A previous version of this paper was presented at the 51st Annual Meeting of the International Studies Association in New Orleans, LA, February 17–20, 2010. I thank Steve Chan, Kristine Kilanski, and my fellow participants on the ISA Panel “Economic Coercion and Foreign Policy: From Threats to Consequences” for their suggestions on a previous draft.
Unmasking the Black Knights: Sanctions Busters and Their Effects on the Success of Economic Sanctions†
Article first published online: 20 JUL 2011
© 2011 International Studies Association
Foreign Policy Analysis
Volume 7, Issue 4, pages 381–402, October 2011
How to Cite
Early, . B. R. (2011), Unmasking the Black Knights: Sanctions Busters and Their Effects on the Success of Economic Sanctions. Foreign Policy Analysis, 7: 381–402. doi: 10.1111/j.1743-8594.2011.00143.x
- Issue published online: 9 OCT 2011
- Article first published online: 20 JUL 2011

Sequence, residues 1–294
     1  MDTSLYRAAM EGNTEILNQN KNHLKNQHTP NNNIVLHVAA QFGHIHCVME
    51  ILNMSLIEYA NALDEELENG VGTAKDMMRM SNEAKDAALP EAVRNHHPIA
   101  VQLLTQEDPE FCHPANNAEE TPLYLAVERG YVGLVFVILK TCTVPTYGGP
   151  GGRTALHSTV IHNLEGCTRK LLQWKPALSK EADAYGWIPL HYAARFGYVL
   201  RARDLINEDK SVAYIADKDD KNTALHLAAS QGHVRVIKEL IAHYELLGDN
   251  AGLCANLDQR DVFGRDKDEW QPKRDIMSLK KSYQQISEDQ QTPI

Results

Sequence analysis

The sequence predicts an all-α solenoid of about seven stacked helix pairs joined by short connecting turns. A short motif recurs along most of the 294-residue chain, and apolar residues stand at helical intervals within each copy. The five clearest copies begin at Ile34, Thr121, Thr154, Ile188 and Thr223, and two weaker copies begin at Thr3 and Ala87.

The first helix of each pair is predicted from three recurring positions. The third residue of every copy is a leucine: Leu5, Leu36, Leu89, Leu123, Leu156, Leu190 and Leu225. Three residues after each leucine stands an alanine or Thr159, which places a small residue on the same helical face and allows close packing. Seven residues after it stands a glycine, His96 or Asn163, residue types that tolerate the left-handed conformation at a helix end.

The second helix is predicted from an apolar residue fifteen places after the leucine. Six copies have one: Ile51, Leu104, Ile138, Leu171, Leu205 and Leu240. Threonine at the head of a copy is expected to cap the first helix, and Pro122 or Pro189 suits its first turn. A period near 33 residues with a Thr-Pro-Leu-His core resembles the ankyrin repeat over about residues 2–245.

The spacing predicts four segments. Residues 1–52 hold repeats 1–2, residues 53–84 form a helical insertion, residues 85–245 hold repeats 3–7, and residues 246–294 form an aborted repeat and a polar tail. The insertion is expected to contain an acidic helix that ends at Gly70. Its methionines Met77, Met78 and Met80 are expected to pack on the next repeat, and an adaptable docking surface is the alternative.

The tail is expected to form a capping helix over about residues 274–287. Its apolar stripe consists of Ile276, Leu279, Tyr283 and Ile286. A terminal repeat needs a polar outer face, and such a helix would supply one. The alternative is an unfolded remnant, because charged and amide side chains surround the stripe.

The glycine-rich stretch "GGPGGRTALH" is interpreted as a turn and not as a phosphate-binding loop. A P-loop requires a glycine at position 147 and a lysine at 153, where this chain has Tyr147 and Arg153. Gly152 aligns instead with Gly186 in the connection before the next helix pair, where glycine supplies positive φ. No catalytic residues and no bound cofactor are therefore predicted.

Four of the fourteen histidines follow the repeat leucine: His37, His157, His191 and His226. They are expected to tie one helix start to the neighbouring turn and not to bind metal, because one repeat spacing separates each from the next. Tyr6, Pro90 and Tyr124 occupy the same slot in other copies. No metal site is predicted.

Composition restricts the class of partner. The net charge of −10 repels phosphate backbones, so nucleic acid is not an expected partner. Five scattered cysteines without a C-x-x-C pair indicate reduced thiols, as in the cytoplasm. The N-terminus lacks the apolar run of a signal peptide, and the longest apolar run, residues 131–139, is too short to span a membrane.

Despite clear expectations that sanctions busters undermine the effectiveness of economic sanctions, most empirical studies of the phenomenon fail to find that they significantly affect sanctions outcomes. One explanation for these puzzling results is that past studies have almost all relied on Hufbauer, Schott, and Elliott’s (1990) dichotomous, time-invariant “black knight” variable to operationalize the occurrence of sanctions-busting. This piece develops a more nuanced account of how the timing, quantity, and nature of sanctions-busting trade affects sanctions’ outcomes and codes a new set of sanctions-busting variables that capture these distinctions. Two competing accounts of sanctions-busting are tested in the analysis, one that asserts that only politically motivated sanctions busters (i.e., black knights) negatively affect sanctions’ success and one that asserts that commercially and politically motivated sanctions busters jointly undermine their success. These rival accounts are tested using a competing risks analysis of 96 episodes of US-imposed sanctions from 1950 to 2006. The results indicate that while black knights alone do not make sanctions more likely to fail, in conjunction with commercially-motivated sanctions busters they do exercise a potent, negative effect on sanctions’ success. These findings have important implications for how third party responses affect sanctions outcomes.